Cardiology Coding Alert


Create Strong Audit Program for Physician Services in Your Cardiology Practice

Hint: Choose the time frame for your audit.

At the 2021 Regional HEALTHCON session “Developing, Implementing, and Delivering and Audit Program for Physician Services,” teachers Sandy Giangreco Brown, BS, RHIT, CCS, CCS-P, COC, CPC, CPC-I, COBGC, CHC, PCS and Kim Huey, MJ, CCS-P, PCS, CPC, CPCO, COC, CHC, shared how you can create a strong audit program in your practice. For example, you should decide if you want to perform a prospective or retrospective audit.

Use these expert concepts to create a strong audit program — today.

Establish the Audit’s Scope

An audit’s scope, which is defined as the amount of time and documents involved in an audit, is an important factor in auditing, according to Brown. The audit scope, ultimately, establishes how deeply an audit is performed.

You should decide the scope of an audit prior to signing an engagement letter or agreement to protect both the entity and the person doing the audit, Brown added. Failing to clearly define the audit can result in “scope creep,” which can then add on not only time but also increase the monetary cost of the audit.

“Working with management (or the entity requesting the audit) to clearly define the scope of the audit sets realistic expectations of what is being included in audit and what is excluded,” Brown said.

Tools and resources: You should also identify the tools and or resources you will use to perform the audit within the scope and engagement letter/agreement to be signed, according to Brown. If you are utilizing a tool from a particular vendor, you should identify that tool by name.

Possible resources include the CPT® professional edition for a particular year, especially if performing retrospective review, the ICD-10-CM book for identified years, CPT® Assistant, AHA Coding Clinic, Medicare or CMS Guidance and applicable Transmittals, and Fee Schedules if the revenue variance is to be calculated, Brown added.

Differentiate Between Prospective and Retrospective Audits

Prospectively performing a review is “pre-bill,” which is performed on claims after coding is completed, but prior to being submitted to the insurance payer, Huey said. Completing audits prospectively results in claims being put on hold or suspended until after the review has been completed.

We do very few prospective reviews just because we’re holding up the accounts receivable (AR) to do that, Huey added. But, if you do the review pre-bill, you don’t have to do corrected claims because you are going to correct them going out.

On the other hand, a retrospective audit is “post-bill,” so after the claim has been submitted for payment and subsequently paid or denied, according to Huey. If issues are identified with retrospective claims, those claims should be rebilled as corrected claims.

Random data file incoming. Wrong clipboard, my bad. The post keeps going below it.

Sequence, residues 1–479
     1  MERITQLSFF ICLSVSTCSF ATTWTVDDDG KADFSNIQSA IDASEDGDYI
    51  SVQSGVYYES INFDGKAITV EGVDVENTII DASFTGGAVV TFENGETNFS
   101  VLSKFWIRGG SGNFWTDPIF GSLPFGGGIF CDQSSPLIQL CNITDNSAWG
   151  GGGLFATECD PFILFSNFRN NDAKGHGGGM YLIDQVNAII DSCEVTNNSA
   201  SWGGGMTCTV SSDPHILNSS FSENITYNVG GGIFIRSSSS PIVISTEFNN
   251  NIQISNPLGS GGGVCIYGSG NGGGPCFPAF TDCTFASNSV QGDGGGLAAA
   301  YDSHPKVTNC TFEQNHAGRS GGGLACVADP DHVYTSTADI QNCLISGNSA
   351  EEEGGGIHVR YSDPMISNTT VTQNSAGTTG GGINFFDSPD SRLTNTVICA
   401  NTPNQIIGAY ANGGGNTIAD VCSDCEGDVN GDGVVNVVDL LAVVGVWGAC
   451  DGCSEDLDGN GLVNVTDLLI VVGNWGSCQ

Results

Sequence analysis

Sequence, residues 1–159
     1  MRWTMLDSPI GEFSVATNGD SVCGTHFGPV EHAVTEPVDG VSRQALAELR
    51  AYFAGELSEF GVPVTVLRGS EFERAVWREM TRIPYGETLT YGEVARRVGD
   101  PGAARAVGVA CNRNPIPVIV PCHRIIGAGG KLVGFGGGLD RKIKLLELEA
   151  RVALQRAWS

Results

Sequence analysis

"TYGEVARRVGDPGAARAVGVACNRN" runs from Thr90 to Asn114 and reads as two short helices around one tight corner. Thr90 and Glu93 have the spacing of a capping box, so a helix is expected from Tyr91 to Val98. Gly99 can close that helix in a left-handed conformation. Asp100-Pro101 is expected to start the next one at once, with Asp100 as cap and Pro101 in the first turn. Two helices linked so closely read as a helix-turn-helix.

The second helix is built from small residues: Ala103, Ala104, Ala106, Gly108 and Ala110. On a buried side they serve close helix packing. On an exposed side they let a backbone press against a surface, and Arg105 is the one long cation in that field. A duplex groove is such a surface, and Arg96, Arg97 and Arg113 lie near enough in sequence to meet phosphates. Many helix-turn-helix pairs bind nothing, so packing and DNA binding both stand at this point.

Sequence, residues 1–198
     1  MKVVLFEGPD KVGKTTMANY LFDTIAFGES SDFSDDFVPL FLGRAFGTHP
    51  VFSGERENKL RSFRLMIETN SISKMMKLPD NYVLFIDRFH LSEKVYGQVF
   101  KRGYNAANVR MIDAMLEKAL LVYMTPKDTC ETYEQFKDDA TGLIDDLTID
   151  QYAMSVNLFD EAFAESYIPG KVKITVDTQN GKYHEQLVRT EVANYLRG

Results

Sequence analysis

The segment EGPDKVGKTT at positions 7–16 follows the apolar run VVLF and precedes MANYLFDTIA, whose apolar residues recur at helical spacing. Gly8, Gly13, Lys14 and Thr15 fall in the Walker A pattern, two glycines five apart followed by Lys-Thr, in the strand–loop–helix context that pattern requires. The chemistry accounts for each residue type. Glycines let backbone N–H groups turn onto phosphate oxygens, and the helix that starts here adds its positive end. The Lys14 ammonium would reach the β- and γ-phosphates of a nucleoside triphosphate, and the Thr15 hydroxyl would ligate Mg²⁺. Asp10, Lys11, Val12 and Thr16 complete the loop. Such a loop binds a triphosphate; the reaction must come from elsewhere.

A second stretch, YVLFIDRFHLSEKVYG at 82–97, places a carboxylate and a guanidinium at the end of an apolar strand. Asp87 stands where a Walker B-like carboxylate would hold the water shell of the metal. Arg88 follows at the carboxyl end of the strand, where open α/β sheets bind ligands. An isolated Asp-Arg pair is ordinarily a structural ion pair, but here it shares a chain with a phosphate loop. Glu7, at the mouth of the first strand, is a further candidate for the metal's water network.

You also want to identify the timeframe, Huey said. It may be beneficial to do choose a real-time timeframe to provide education to providers closer to the dates of service.

Discover Proactive Compliance Audits

If you do a proactive compliance audit, you need to decide if it’s prospective or retrospective, according to Huey. In this case, you don’t know if there’s a particular problem, but you do know that you should be auditing.

First, you need to decide how many encounters you are going to look at, Huey said. “I personally don’t like to look at less than 10 because I think less than 10 doesn’t give you a good picture.”

Second, you need to know the scope.

When you are deciding to choose the sample, you have different ways to think about it. Huey suggests a blend of the following:

  • The Office of Inspector General (OIG) Work Plan
  • Comprehensive Error Rate Testing (CERT) issues
  • Recovery Audit Contractor (RAC) issues
  • Top 10 denials for the practice
  • Top 10 services billed for this practice
  • Specific issues brought to your attention

Focus on Time Frame for Audit

The time frame you choose for the review will depend on the reason for the audit, according to Huey.

If this is a proactive or compliance audit, it may be more helpful to choose recent claims, Huey said. If the purpose is education, it is better to work with recent visits the provider may remember. There may have also been changes in the documentation patterns.

On the other hand, when the audit is for a specific problem, you want to look at the time frame for which that problem is suspected, Huey said. She provided this example: You brought a new physician into your practice two years ago. You recently found out he has been billing new patients for every patient he saw. But what if the patient had been seen by someone else in the practice? You may have a lot of claims that need to be corrected. You will need to go back for two years.

Select Audit Sample in These Ways

Your audit sample will depend on the type of audit, according to Huey.

If you are not investigating a specific problem, Huey suggests looking at ten encounters per provider. This is called a “judgmental sample,” where you are using a small sample to make a judgement.

A judgmental sample cannot be extrapolated to a larger population since it is not truly random, according to Huey. The OIG recommends five judgmental samples per provider per federal payer per year.

On the other hand, if you are investigating a specific problem, you may consider a statistically valid random sample, Huey said.

A statistically valid random sample will give you a really good idea of what you are going to have to refund to the federal government, according to Huey. This type of sample is a probe sample followed by larger sample with a targeted confidence and precision. Probe usually involves 30, 40, or 50 items.

For self-disclosure, CMS requires that the sampling methodology be reviewed by a statistician or someone with equivalent experience, Huey added.

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